The Road to Outer Heaven Is Paved With Good Intentions
We've played Metal Gear Solid: Peace Walker for days. You should probably pay for it in full now. No, seriously, go plunk the money down for it and hug your PSP. Here's why.
Published: May 3, 2010
Doing so would mean missing out on a couple of key differences between this Metal Gear Solid and previous entries into the series. For one, Snake can no longer move while laying prone. Instead, this becomes one of his most powerful tools for camouflage as he flattens himself against the ground to avoid detection. Likewise, the increased importance of using a Stun Rod (with infinite ammo but a recharge time) is illustrated, and the controls for swapping between weapons by pressing and holding left and right on the d-pad while using the face buttons to select a weapon (though quick-tapping can swap weapons or quickly equip or unequip things like restoratives and boxes).
Eventually, things lead into the first of many cutscenes presented in the now-familiar Digital Graphic Novel format again illustrated by Ashley Wood. A man, purporting to be from the Costa Rican government, proceeds to explain the apparent presence of a top-secret US outfit seeking to park their military might right in Cuba's back yard -- apparently a show of nuclear deterrence as the world is still cloaked in the shadow of the Cold War. Though the game offers a brief text-only recap of the events of Metal Gear Solid 3 leading up to the game's present-day timeline of 1974, plenty of exposition helps set the stage for things.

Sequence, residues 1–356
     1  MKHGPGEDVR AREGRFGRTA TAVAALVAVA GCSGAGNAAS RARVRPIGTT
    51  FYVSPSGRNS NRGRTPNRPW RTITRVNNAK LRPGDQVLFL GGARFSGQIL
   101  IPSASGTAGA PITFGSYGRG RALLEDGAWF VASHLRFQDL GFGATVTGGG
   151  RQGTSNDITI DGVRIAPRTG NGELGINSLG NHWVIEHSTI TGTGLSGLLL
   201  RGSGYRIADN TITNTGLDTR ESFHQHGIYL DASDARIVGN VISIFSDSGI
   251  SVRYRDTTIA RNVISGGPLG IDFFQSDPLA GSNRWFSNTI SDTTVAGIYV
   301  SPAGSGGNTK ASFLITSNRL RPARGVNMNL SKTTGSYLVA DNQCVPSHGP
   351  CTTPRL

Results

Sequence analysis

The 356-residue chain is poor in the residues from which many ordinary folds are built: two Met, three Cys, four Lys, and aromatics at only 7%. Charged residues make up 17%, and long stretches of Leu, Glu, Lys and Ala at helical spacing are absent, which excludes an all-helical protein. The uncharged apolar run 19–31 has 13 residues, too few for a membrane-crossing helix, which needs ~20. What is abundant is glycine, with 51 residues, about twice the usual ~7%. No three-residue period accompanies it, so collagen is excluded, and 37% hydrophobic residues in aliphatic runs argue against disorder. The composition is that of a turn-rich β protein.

We were treated to the first of the game's many interactive elements during the cutscene -- a chance to zoom, though multiple layers of clothing, to "inspect" Paz, a mysterious girl apparently caught up in events that would eventually lead to Snake overhearing a voice (on the first Walkman, a nice nod to Sony) that clinched his decision to help the Costa Rican authorities combat the invading force -- or at the very least find out what they're up to. This interactivity would crop up again in various forms, including having to target and fire at things and even light QTE events using the shoulder buttons.
With the story firmly in place, we embarked on our first mission: an infiltration to discover the who and what of the encroaching threat. It's here that we realized that this was a Metal Gear Solid game -- far more than any Ac!d or Portable Ops was. Sneaking was key, stealth was everything, and unlike the previous PSP games in the series, this was very clearly a direct sequel to the gameplay and the pacing of MGS3. Excited yet? Good, you should be. But this isn't where the game gets good -- at least not as good as we soon discovered.
You see, Militaires Sans Frontieres, as anyone familiar with the Metal Gear legacy, was the germination for Outer Heaven, a place a soldier could call home without being tied to any government or ideology beyond being a gun for hire. Big Boss' legacy starts here, and it's by your hand that Outer Heaven will be built. What starts as an off-shore flotilla quickly expands into a Mother Base, and it's here that Peace Walker becomes one of the most sprawling, involved games we've ever seen. No qualifiers here, no "for a PSP" game or even "for a Metal Gear game," this is an experience that is absolutely massive and it was our first indicator that Kojima wasn't blowing smoke when he said this was a game that got his full attention.
Metal Gear Solid: Peace Walker is a massive, console-level experience. It's also, again, taffy. Let's dig into the layers that make up this delicious little portable treat, shall we?